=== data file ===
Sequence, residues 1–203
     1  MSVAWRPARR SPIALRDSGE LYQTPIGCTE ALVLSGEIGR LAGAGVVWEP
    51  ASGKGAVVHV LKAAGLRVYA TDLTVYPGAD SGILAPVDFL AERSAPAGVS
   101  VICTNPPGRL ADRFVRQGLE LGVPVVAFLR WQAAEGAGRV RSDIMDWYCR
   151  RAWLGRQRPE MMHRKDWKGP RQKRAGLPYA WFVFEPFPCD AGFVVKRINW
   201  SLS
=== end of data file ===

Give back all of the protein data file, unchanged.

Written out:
Sequence, residues 1–203
     1  MSVAWRPARR SPIALRDSGE LYQTPIGCTE ALVLSGEIGR LAGAGVVWEP
    51  ASGKGAVVHV LKAAGLRVYA TDLTVYPGAD SGILAPVDFL AERSAPAGVS
   101  VICTNPPGRL ADRFVRQGLE LGVPVVAFLR WQAAEGAGRV RSDIMDWYCR
   151  RAWLGRQRPE MMHRKDWKGP RQKRAGLPYA WFVFEPFPCD AGFVVKRINW
   201  SLS